Share this article

print logo

Pegula will be patient about new stadium for Bills

Terry Pegula says a new football stadium is “nothing urgent right now,” expressed no desire to sell naming rights on Ralph Wilson Stadium and called the last two Buffalo Sabres campaigns “two of the most successful seasons we’ve ever had.”

Those were the noteworthy points made Thursday during a “Business of Sports” breakfast held by Buffalo Business First at Buffalo RiverWorks.

The owner of the Buffalo Bills and Sabres was joined on the panel by his wife, Kim, owner/president of Pegula Sports & Entertainment, along with: Jeremy Jacobs, chairman of Delaware North and owner of the Boston Bruins; Robert E. Rich Jr., chairman of Rich Products Corp. and owner of the Buffalo Bisons, Rich’s wife, Mindy, president of the Rich Entertainment Group; and NHL Commissioner Gary Bettman.

NFL Commissioner Roger Goodell and numerous high-powered NFL owners are on record as saying a new stadium eventually is necessary for Western New York. Pegula stuck to politically correct comments on the issue, given $130 million in renovations on Ralph Wilson Stadium just were completed last year.

“The only answer to that question is the state and county, there’s been a lot of money put into Ralph Wilson Stadium,” Pegula said. “We’re in no hurry. We realize that if that work was just done, how foolish would you look if you start looking around for a new stadium when we’ve just renovated the one we have? We have time. We have an existing lease on the current stadium.”

The Bills’ lease runs through the 2022 season.

Pegula was asked if he was confident the community will be supportive when the day comes you need to make a decision on the stadium.

“I hope so,” he said. “But it’s nothing urgent right now.”

On selling naming rights, Pegula said: “I am very cognizant of the fact that Ralph Wilson owned the Bills for so long and his name on the stadium is to me right now a special thing. I have a hard time answering that question.”

“Standing on the field for the first time was like, do I even deserve to be here? Because that was quite an accomplishment,” Pegula said of Wilson’s 55-year ownership of the Bills.

Despite the fact the Sabres finished with the worst record in the NHL the past two years, Pegula expressed optimism about the club in the wake of its selection of Jack Eichel in the draft last month.

“People may not believe this, but I think our last two years were two of the most successful seasons we’ve ever had. We were rebuilding.”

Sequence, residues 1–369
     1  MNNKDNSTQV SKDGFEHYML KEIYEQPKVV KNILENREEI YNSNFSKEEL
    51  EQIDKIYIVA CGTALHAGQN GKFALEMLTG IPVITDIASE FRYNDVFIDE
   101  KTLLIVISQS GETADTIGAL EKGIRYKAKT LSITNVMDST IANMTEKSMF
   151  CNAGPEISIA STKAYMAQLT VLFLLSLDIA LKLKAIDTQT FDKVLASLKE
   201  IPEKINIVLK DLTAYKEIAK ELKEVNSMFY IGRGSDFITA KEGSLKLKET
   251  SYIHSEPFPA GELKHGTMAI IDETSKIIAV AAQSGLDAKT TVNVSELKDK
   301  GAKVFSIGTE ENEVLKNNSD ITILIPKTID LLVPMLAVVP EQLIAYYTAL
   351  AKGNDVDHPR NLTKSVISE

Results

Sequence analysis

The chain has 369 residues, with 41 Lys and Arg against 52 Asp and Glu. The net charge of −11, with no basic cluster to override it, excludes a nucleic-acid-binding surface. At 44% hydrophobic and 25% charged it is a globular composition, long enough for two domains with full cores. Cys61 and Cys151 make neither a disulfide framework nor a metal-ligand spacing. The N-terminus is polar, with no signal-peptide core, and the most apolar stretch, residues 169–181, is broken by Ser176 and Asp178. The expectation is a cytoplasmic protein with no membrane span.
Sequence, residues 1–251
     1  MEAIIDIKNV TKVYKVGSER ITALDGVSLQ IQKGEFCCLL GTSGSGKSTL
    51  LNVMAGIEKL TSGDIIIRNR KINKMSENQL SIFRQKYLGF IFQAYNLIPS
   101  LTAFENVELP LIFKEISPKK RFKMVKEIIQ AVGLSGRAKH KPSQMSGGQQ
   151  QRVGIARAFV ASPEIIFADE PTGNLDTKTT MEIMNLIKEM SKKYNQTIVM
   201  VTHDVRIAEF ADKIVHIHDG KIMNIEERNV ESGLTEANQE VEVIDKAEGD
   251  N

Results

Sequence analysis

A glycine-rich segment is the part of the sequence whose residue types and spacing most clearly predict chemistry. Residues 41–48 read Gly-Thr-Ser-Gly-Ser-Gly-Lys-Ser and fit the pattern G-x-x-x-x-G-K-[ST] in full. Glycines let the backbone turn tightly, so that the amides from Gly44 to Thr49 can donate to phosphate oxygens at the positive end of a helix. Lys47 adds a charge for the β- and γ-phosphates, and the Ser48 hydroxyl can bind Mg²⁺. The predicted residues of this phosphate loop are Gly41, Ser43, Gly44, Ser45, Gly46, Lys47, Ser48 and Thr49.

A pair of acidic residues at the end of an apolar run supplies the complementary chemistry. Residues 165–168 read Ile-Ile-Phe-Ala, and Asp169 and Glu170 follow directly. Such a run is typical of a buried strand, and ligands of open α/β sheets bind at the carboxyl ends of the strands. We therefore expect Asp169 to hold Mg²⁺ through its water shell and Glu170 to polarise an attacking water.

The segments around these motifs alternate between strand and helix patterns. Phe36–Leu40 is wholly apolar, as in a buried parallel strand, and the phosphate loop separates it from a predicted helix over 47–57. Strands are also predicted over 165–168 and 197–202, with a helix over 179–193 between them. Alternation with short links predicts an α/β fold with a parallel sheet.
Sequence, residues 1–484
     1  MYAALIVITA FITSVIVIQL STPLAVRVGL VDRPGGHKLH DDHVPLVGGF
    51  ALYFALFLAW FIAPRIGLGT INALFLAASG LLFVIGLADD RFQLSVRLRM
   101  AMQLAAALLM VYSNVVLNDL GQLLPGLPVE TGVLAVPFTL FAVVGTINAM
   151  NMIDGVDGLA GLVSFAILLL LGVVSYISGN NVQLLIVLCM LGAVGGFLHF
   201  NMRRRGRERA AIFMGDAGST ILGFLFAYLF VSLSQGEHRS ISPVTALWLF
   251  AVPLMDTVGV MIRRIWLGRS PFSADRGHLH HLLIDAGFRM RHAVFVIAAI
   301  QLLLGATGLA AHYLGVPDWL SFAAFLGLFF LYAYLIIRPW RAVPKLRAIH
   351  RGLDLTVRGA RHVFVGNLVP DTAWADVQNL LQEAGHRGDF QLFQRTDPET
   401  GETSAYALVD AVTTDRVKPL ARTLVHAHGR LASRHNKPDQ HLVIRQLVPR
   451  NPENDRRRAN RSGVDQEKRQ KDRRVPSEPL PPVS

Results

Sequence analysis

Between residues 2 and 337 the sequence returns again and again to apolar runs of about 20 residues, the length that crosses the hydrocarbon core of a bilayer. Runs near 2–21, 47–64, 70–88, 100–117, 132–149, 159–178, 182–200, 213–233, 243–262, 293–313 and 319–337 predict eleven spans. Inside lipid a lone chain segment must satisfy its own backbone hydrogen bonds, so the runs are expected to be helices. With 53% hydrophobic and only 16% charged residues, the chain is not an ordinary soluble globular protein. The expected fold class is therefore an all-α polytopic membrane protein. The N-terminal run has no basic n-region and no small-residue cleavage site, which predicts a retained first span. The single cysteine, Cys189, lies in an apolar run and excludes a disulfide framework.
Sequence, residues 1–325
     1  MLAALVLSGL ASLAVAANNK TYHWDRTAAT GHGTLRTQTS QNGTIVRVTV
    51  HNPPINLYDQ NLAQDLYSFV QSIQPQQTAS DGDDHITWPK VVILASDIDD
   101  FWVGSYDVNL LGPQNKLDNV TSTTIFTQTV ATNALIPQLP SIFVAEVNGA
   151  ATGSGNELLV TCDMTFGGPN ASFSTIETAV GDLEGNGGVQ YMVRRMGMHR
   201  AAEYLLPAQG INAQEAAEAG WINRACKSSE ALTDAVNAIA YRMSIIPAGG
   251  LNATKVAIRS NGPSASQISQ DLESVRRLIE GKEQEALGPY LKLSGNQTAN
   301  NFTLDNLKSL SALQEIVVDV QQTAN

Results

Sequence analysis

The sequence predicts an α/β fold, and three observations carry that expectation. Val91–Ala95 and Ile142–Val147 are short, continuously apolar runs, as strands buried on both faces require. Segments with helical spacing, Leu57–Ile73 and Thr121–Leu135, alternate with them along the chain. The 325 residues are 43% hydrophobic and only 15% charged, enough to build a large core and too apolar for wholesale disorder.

“But trust me,” Pegula said, pointing to Jacobs, who was sitting next to him, “Jerry’s probably looking in his rear-view mirror now saying, ‘These guys may be coming.’ He’s up there, we’re down here. But that was part of the program. By the way, we love the way the whole community just seemed to get the plan and followed along with us. It didn’t show up in the wins and losses but it’s going to show up in the future.”

The 90-minute panel discussion was a feel-good event for a crowd of roughly 500. The Western New York sports titans gave plenty of respect to their customers.

On buying the Bills, Pegula said: “The Sabres was a big event in town. The Bills was a tsunami. ... We thought it was almost an obligation to step up and take over the Bills for our community and the region.”

“I believe that the purpose of our two franchises, or one of the purposes, is to help everybody in this room be successful,” Pegula said. “If our teams are successful, if we’re successful, hopefully everybody’s business increases and improves, not only on the business side, but socially. In the inner city, we’re here to help and to expand the success that we hope comes to Western New York in the future. None of us need to hang our head to anybody. Our region is a good place to live, and there’s a lot of good people here. Our mission I believe is to help foster and improve our quality of life here through these sports teams.”

In answering a question about how lucrative sports ownership is, Rich drew big laughs in referring to the Pegulas’ former business.

“It’s not as lucrative as fracking,” he quipped.

Bob and Mindy Rich, incidentally, never had met Terry and Kim Pegula until Thursday’s event.

“Our paths just never had crossed,” Bob Rich said. “So many people would ask me, ‘What kind of guy is Terry?’ Finally I just started saying, ‘Oh, he’s a great guy.’ ”

The owners were asked to name an athlete who inspired them.

Mindy Rich, a Cincinnati native, told a story about meeting former Reds manager Sparky Anderson.

“I’ll see your Sparky Anderson and I’ll raise you one Jim Kelly,” said Bob Rich, to applause. “There’s never been a more loyal, tougher, stronger person than Jim Kelly in sports. I’d take a baseball team full of Jim Kellys.”

Terry Pegula said his childhood hero was baseball Hall-of-Famer Al Kaline.

“I remember late in his career the Tigers tried to pay him $100,000 and he wouldn’t accept it,” Pegula said. “He thought he wasn’t worth that much. In ’68 when the Tigers won the Series, they were down, 3-1, to St. Louis. They had put Mickey Stanley” at shortstop “from the outfield so Al could play right field, and he delivered big hits and they came back and won it.”